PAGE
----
Scott Pruitt is President-elect Donald Trump’s nominee to be Administrator of the Environmental Protection Agency (EPA). Since 2010, he has been the Attorney General of Oklahoma, having previously served in the Oklahoma State Senate from 1999 to 2006.
Pruitt was the subject of a Pulitzer prize winning New York Times investigation in 2014 (“Energy Firms in Secretive Alliance With Attorneys General”) which described “the unprecedented, secretive alliance that Mr. Pruitt and other Republican attorneys general have formed with some of the nation’s top energy producers to push back against the Obama regulatory agenda”. He describes himself as “a leading advocate against the EPA’s activist agenda.”
Many fossil fuel funded groups responded to Pruitt’s nomination with delight. In a joint January 12, 2017 letter sent to the Senate, leaders from 22 organizations gave their “strong support” for Pruitt’s confirmation. The signers featured many climate change denial groups backed with fossil fuel cash, including the Competitive Enterprise Institute, the Heartland Institute and the 60 Plus Association. The American Legislative Exchange Council (ALEC) expressed its own support for Pruitt, who is a former ALEC member, stressing that he would “work constructively with industry” as well as the states to “spur economic growth.”
Senator Jim Inhofe, Senior Member of the U.S. Senate Environment and Public Works (EPW) committee which is to hold Pruitt’s confirmation hearing, told a crowd in DC on Pruitt’s nomination: “I never dreamed he’d be the director of the EPA. You’ll love this guy.” Senator Inhofe is a notorious climate change denier.
Relationship to Fossil Fuel Industry
Pruitt has received almost $350,000 in campaign contributions from the fossil fuel industry, according to a review by the Center for American Progress. He named Harold Hamm, the CEO of the oil and gas industry company Continental Resources, Chairman for his election campaign in 2014.
In addition, Pruitt has raised substantial funds for his two federal PACs-known as “Liberty 2.0” and “Oklahoma Strong.” According to Politico, Liberty 2.0 has raised more than $168,000 from energy interests, and Oklahoma Strong Leadership has raised $72,000. In January 2017, an attorney for the two PACs stated the two groups were working on a plan for “shutting them both down and disbursing remaining funds.”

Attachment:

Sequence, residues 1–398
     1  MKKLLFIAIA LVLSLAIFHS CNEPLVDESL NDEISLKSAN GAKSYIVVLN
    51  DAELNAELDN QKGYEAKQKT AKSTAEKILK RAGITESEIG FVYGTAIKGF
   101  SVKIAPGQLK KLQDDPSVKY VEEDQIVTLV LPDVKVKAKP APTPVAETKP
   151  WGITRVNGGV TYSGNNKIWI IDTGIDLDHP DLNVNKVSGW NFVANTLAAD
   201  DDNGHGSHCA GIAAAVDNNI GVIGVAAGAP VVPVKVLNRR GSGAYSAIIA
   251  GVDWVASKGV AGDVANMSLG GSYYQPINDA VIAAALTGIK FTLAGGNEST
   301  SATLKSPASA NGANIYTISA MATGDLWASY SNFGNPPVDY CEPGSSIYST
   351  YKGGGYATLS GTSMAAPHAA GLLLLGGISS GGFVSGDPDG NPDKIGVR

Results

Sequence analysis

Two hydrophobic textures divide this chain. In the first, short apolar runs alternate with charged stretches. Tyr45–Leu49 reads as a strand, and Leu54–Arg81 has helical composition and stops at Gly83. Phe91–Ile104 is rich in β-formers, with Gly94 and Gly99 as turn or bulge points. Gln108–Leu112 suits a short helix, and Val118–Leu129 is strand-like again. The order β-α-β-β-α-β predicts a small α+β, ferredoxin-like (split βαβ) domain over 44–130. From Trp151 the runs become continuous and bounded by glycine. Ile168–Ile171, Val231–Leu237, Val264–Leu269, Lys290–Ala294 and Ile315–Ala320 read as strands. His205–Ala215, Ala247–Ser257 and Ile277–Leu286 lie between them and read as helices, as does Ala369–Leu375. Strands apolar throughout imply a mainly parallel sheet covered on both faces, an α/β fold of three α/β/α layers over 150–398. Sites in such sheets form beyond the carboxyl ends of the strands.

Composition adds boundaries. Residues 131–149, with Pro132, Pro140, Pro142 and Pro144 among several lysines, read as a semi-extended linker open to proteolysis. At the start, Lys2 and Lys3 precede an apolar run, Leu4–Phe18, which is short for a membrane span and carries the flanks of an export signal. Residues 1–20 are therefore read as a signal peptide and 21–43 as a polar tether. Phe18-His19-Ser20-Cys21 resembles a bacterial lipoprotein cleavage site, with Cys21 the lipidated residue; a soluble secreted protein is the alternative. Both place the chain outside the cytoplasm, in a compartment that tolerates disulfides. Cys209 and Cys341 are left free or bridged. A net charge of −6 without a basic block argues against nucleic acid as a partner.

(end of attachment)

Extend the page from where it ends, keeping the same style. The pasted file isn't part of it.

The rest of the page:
Pruitt was the focus in a Pulitzer Prize winning New York Times investigative series published in 2014, which examined how numerous Republican attorneys general, including Pruitt, had formed secret alliances with energy corporations. The investigation revealed that Devon Energy lobbyists had drafted letters for Pruitt, which he in turn sent to the EPA under his own name and with almost no changes. Pruitt similarly sent other letters drafted almost entirely by industry lobbyists to other federal agencies. Eric Lipton of the Times received a Pulitzer Prize for this reporting.
Pruitt on Climate Change
Pruitt has made statements that contradict mainstream scientific consensus on climate change:
“That debate is far from settled. Scientists continue to disagree about the degree and extent of global warming and its connection to the actions of mankind. That debate should be encouraged — in classrooms, public forums, and the halls of Congress. It should not be silenced with threats of prosecution. Dissent is not a crime,” Pruitt stated in an editorial that he co-authored in May 2016 with Alabama Attorney General Luther Strange.
According to a report by the Financial Times, Pruitt said humanity’s contribution to global warming was “subject to considerable debate.”
Pruitt’s 2014 attorney general campaign website claimed “flawed science” is used to “promote a dangerous no-growth agenda, which has the potential for disastrous consequences domestically and with respect to our national security.”